view is the lack of a pharmacokinetic evaluation of
pollen extract. As highlighted by Wagenlehner, pharma-
cokinetic studies on the absorption, distribution, metab-
olism or excretion of the active components of flower
pollen extracts have not been performed [15]. This is
due to the fact that it is not known which compounds
are primarily responsible for clinical efficacy [15].
Clinical implications
It is well known that there is no standard treatment or
CP/CPPS to date. Amongst all the drugs and therapeutic
approaches suggested and used, phytotherapeutic agents
are those most widely prescribed in every day clinical
practice with variable success. However, their use has
only rarely been evaluated in suitable clinical trials. On
the other hand, pollen extract has been sufficiently eval-
uated in preclinical and clinical studies [10, 13, 15].
Herein, we report encouraging results in terms of varia-
tions in NIH-CPSI and QoL scores in patients treated
with pollen extracts indicating that the use of pollen ex-
tract appears to be safe and well tolerated by patients
and, for this reason, the compliance to the treatment is
high.
Conclusion
In conclusion, based upon our study analysis, pollen ex-
tracts appear to be clinically beneficial as indicated by
the significant improvements in terms of the NIH-CPSI
and QoL scores of patients diagnosed with CP/CPPS.
Moreover, this therapeutic approach has an excellent
safety profile with limited reported adverse effects. Fu-
ture publications containing robust evidence from add-
itional RCTs and longer-term follow-up would provide
doctors with more confidence regarding the use of
flower pollen extracts for their CP/CPPS patients.
Abbreviations
CP/CPPS: Chronic prostatitis/chronic pelvic pain syndrome; IPSS: International
prostatic symptoms score; NIH: National institutes of health; NIH-
CPSI: National institutes of health-chronic prostatitis symptom index;
NSAIDs: Non-steroidal anti-inflammatory drugs; QoL: Quality of life;
RCTs: Randomized clinical trials; SF-36: The short form (36) health survey
Acknowledgements
We are grateful to Juliet Ippolito for manuscript language revision.
Funding
None.
Availability of data and materials
Not applicable.
Cai et al. BMC Urology (2017) 17:32 Page 7 of 8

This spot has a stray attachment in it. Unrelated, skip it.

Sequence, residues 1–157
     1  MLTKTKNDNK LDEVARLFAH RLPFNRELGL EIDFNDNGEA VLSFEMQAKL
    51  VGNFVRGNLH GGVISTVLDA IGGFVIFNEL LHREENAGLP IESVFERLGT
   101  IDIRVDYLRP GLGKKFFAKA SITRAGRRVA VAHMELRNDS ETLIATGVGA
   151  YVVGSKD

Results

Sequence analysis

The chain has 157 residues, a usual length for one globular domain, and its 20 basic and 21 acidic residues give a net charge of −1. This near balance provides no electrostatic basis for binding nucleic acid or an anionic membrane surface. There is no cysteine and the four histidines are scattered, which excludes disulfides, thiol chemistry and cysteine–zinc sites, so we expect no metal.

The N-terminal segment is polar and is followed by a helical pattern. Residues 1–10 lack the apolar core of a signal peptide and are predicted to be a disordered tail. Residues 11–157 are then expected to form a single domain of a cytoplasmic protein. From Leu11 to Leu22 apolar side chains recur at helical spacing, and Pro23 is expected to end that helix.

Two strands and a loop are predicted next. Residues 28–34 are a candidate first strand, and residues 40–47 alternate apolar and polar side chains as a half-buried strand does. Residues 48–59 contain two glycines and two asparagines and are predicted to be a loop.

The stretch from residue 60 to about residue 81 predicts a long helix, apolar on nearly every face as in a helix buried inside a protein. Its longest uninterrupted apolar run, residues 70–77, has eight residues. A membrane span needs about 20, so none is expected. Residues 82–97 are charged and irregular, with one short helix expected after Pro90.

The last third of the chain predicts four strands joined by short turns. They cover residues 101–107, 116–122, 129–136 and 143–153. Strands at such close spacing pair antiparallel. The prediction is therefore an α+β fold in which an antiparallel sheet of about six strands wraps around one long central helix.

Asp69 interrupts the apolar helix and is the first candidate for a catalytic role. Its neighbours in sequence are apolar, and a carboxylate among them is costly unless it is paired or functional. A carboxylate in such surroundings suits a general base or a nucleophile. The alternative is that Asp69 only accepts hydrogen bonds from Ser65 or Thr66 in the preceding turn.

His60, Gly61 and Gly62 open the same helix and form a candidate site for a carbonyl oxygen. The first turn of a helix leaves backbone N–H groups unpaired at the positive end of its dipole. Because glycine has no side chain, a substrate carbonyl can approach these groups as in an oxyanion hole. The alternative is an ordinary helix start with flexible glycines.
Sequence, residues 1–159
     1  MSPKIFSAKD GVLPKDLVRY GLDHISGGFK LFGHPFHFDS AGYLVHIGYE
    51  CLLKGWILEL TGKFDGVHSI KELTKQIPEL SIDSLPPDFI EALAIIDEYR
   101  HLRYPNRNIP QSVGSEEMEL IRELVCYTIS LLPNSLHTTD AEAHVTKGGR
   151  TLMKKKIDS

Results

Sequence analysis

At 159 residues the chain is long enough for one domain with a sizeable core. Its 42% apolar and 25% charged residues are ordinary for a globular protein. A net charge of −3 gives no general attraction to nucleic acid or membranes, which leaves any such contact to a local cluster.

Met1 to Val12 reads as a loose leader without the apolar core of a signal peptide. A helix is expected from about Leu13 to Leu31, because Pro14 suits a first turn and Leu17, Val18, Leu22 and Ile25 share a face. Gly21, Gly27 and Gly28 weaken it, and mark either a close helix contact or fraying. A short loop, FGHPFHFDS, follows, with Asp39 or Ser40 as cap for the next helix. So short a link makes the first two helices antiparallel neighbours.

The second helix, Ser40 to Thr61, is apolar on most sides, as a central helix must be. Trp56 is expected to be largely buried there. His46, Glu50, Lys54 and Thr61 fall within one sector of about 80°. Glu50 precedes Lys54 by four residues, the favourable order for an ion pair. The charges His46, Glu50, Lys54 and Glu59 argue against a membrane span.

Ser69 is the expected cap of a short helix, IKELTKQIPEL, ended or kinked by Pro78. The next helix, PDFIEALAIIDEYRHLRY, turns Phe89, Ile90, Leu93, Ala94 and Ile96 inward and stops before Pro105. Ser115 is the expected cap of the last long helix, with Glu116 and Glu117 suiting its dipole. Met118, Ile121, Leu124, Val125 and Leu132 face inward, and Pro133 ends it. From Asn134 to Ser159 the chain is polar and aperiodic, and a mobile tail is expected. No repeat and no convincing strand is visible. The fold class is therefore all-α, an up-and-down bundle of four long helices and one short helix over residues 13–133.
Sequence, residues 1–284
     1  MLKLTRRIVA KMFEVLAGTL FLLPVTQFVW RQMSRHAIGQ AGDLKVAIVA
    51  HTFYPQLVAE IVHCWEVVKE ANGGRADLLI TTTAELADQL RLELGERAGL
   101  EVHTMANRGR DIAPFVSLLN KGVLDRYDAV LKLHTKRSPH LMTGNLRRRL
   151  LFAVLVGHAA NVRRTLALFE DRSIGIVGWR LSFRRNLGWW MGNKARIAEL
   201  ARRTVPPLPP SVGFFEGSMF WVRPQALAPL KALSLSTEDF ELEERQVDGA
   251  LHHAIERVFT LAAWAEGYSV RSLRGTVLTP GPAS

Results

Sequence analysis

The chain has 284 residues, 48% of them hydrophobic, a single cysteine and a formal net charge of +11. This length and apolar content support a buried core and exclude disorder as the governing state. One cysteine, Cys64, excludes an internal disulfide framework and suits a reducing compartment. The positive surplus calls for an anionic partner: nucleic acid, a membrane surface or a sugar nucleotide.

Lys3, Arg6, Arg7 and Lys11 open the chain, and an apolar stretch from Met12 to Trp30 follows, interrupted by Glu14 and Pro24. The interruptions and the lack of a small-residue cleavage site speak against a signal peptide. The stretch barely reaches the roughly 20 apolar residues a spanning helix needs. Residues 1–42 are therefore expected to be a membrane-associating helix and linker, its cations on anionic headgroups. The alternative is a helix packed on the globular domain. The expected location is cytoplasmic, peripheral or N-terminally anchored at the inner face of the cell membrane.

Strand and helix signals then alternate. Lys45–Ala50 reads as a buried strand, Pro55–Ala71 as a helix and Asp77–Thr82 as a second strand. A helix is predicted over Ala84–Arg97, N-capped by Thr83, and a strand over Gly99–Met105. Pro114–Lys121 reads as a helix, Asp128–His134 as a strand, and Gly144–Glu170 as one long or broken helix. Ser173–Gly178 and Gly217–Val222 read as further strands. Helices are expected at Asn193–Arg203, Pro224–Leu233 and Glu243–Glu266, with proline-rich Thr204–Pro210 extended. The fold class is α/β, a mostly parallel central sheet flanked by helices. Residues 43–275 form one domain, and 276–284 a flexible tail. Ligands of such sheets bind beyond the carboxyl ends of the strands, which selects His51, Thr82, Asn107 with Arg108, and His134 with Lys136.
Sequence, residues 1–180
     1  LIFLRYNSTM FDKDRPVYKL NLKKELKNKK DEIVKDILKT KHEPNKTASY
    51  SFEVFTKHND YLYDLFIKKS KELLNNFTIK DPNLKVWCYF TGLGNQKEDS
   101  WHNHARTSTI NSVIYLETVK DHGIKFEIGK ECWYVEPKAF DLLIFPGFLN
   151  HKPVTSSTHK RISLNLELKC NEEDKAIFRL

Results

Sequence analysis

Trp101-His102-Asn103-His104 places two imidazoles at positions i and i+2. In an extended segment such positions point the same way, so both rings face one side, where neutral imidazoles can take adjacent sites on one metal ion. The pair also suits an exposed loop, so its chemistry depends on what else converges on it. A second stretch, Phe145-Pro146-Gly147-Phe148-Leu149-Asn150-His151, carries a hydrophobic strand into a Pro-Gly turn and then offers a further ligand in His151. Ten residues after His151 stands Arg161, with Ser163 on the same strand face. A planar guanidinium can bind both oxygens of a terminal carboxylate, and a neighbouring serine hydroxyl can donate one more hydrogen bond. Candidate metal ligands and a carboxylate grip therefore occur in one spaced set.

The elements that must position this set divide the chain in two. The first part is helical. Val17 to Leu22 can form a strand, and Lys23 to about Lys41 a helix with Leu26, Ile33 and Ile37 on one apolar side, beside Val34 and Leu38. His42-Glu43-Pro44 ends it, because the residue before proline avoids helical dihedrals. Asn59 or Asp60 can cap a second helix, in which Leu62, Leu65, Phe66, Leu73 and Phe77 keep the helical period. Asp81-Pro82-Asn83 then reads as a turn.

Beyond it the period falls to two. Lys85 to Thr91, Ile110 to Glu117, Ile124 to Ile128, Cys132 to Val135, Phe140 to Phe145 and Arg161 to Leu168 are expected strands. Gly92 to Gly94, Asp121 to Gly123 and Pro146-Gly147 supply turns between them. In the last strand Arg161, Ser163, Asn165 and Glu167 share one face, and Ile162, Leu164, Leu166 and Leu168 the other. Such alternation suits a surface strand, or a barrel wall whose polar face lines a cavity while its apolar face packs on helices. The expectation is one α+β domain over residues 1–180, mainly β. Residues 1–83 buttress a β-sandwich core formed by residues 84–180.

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Authorscontributions
Study conception and design: CT, MV. Acquisition, analysis and interpretation
of data: CT, AU, LRR, VP. Drafting of manuscript: Cai T. Critical revision and
supervisions: DNC, MV. All authors read and approved the final manuscript.
Competing interests
Tommaso Cai, Paolo Verze and Vincenzo Mirone are consultant for and have
received research support from IDIpharma.
Consent for publication
Not applicable.
Ethics approval and consent to participate
Not applicable.
PublishersNote
Springer Nature remains neutral with regard to jurisdictional claims in
published maps and institutional affiliations.
Author details
1
Department of Urology, Santa Chiara Regional Hospital, Trento, Italy.
2
Department of Urology, University of Naples, Federico II, Naples, Italy.
3
Department of Urology, Ospedale SantAndrea, Sapienza University of Rome,
Rome, Italy.
Received: 25 February 2017 Accepted: 16 April 2017
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30. Li NC, Na YQ, Guo HQ. Clinical study with prostat (Poltit) for treatment for
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... ared the effects of this drug with the effects of Nonsteroidal anti-inflammatory drugs (NSAID)(Pirola et al., 2017). Another interesting study showed positive effects of cernitin pollen on sex-hormone-induced nonbacterial prostatitis in rats. Pollen extracts protected acinar epithelial cells and inhibited stromal proliferation(Kamijo et al., 2001).Cai, Verze, Rocca, Anceschi, et al. (2017) andCai, Verze, Rocca, Palmieri, et al. (2017) ...
... Group A (32 patients) receiving oral capsules of pollen extract and vitamins and Group B (33 patients) receiving bromelain for 3 months. After the set time, 24 patients in Group A showed reduction in the NIH-CPSI score as compared to 8 patients from Group B. Interleukin (IL8) level was also lower in Group A from the time of initiation of the study(Cai, Verze, Rocca, Anceschi, et al., 2017;Cai, Verze, Rocca, Palmieri, et al., 2017).Iwamura et al. (2015) carried out a comparative study between Eviprostat and pollen extract on patients with category III CP/CPPS. The outcome showed a significant reduction of symptoms of category III CP/CPPS by both Eviprostat and pollen extract, indicating that pollen extract has an identical effect as Eviprostat on category III CP/CPPS ...
Article
Full-text available
Chronic pelvic pain syndrome (CPPS) can be triggered by a various types of gynecological, gastrointestinal, urological, and musculoskeletal disorders. Recently, the role of the central nervous system has proven to be an integral part on the development of any chronic pain syndrome, including CPPS. However, owing to the complex and heterogeneous etiology and pathophysiology of CPPS, the establishment of effective therapeutic interventions remains challenging for both physicians and patients. Nonetheless, recent studies have pointed that medicinal plants and their secondary metabolites can be effectively used in CPPS therapy, besides contributing to restore the patients' quality of life and potentiate the conventional CPPS management. In this sense, this review aims to provide a careful overview on the biomedical data for the use of medicinal plants use and their secondary metabolites on CPPS management.